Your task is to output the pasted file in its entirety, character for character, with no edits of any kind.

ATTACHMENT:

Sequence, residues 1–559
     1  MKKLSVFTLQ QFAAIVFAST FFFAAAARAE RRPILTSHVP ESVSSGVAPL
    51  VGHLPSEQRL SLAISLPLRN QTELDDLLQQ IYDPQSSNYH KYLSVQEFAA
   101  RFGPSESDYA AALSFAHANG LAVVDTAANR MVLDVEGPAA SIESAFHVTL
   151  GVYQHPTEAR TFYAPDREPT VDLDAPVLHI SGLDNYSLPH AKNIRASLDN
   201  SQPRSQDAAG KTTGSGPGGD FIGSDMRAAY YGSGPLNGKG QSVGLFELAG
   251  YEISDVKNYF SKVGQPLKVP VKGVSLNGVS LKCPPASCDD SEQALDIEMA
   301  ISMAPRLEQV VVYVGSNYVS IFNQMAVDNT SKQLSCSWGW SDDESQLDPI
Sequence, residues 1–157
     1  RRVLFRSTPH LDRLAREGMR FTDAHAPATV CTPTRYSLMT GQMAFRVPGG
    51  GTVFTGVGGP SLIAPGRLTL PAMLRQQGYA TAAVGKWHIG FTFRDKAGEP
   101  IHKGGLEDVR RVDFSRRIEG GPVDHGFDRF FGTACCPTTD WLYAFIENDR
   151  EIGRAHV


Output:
Sequence, residues 1–559
     1  MKKLSVFTLQ QFAAIVFAST FFFAAAARAE RRPILTSHVP ESVSSGVAPL
    51  VGHLPSEQRL SLAISLPLRN QTELDDLLQQ IYDPQSSNYH KYLSVQEFAA
   101  RFGPSESDYA AALSFAHANG LAVVDTAANR MVLDVEGPAA SIESAFHVTL
   151  GVYQHPTEAR TFYAPDREPT VDLDAPVLHI SGLDNYSLPH AKNIRASLDN
   201  SQPRSQDAAG KTTGSGPGGD FIGSDMRAAY YGSGPLNGKG QSVGLFELAG
   251  YEISDVKNYF SKVGQPLKVP VKGVSLNGVS LKCPPASCDD SEQALDIEMA
   301  ISMAPRLEQV VVYVGSNYVS IFNQMAVDNT SKQLSCSWGW SDDESQLDPI
Sequence, residues 1–157
     1  RRVLFRSTPH LDRLAREGMR FTDAHAPATV CTPTRYSLMT GQMAFRVPGG
    51  GTVFTGVGGP SLIAPGRLTL PAMLRQQGYA TAAVGKWHIG FTFRDKAGEP
   101  IHKGGLEDVR RVDFSRRIEG GPVDHGFDRF FGTACCPTTD WLYAFIENDR
   151  EIGRAHV